The Only Food that Matters
Eighteenth Sunday in Ordinary Time, Aug. 5, 2012 (18B)
By Fr. Joseph Pellegrino
We continue today with our five week study of the sixth chapter of John. It began last week with the multiplication of loaves and fish with all its Eucharistic implications. Today’s Gospel takes place the next day as the people came looking for Jesus. Jesus and his disciples were on the other side of the lake. The disciples crossed over by themselves, but Jesus met up with them walking on the water. That’s why the Gospel for this Sunday begins with the crowds saying, “Rabbi, when did you get here?”
Jesus responds that they are only looking for him because they ate loaves and fish yesterday and want more today. They were not concerned with the sign that He performed. They were just concerned with free food.
That reminds me of the man I met at a social function a number of years ago. He told me that he goes to St. Ignatius, but he doesn’t go to Mass. I said to myself, “Well, this is going to be good.” So I asked, “What do you mean that you go to St. Ignatius but don’t go to Mass.”
He said, “Well, I don’t go to Church. But I go to the picnic every year.” Too good to be made up.
What makes a person a member of a parish? Deeper than this, what makes a person a Christian? What makes a person a Catholic? Does baptism do it? Perhaps theologically, but if the person does not reaffirm his or her faith with his or her life, then baptism is an act lost in the forgotten past, theologically something that took place, but a life that no longer exists due to the person’s refusal to live this life.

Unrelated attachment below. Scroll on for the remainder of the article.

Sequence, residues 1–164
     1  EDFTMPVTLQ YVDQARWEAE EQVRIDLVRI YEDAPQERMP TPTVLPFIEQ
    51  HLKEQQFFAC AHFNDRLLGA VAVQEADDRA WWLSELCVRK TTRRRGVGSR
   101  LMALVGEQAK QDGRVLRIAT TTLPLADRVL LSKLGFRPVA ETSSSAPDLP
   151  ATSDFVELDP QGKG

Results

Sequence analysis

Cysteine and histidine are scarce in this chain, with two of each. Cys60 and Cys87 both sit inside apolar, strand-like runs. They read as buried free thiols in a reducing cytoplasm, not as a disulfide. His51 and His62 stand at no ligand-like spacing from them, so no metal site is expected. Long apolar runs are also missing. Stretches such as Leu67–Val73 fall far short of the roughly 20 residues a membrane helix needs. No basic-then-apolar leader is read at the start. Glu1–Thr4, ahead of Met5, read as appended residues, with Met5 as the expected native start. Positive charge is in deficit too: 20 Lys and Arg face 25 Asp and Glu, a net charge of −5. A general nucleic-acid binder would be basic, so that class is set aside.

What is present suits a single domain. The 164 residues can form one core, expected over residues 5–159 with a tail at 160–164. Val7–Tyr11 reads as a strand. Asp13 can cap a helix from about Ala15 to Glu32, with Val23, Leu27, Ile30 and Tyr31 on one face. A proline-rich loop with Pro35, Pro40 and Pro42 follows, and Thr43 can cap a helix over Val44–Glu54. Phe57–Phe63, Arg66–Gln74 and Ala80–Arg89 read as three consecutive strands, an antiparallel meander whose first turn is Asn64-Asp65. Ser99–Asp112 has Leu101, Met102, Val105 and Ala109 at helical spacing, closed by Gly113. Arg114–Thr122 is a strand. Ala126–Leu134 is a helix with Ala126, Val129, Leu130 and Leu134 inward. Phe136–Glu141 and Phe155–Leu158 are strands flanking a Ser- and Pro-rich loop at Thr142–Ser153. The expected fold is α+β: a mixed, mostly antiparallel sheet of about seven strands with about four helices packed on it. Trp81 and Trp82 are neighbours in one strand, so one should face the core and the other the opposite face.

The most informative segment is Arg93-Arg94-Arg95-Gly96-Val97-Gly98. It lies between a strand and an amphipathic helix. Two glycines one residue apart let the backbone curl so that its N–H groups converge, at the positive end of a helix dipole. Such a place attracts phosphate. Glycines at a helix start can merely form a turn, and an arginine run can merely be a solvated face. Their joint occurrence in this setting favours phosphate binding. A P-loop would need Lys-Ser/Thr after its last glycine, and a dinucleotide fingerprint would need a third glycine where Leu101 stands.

Does filling out paperwork make a person a member of a parish? We and every parish certainly have plenty of people who register into the parish, people who fill out paperwork to get their children in religious education, or Catholic school, or to have a child baptized. Sadly many of these people have no intention on coming to Church in any sort of a regular basis.
So, then does attendance in Church do it? No, there are plenty of people who wish they could come to Church but who can’t due to sickness or age or both. The fragments left over that I spoke about last week refers to the preservation fo the Eucharist so we can bring the Eucharistic meal to those unable to attend. Although not in Church, these people are certainly active members of the parish. On the opposite side of the spectrum, there are some people who attend Church but who do not live a Christian life outside of the building. We are all sinners, no doubt, but most of us want to be better, want to fight sin. But those few who are mean, cruel, who cheat others continually and who firmly intend to keep living this way, are they Christians simply because they attend Mass? What makes a person in reality, not in name, a Christian, a Catholic, an active member of a parish?
The answer is simple: Jesus Christ. Everything that matters is about Jesus. All else is bogus. Can I write that? Oh well, I just did. Those who seek Jesus and who worship Him in their daily lives as well as with the community of believers are members of the parish, members of the Church. They, we, are Christians.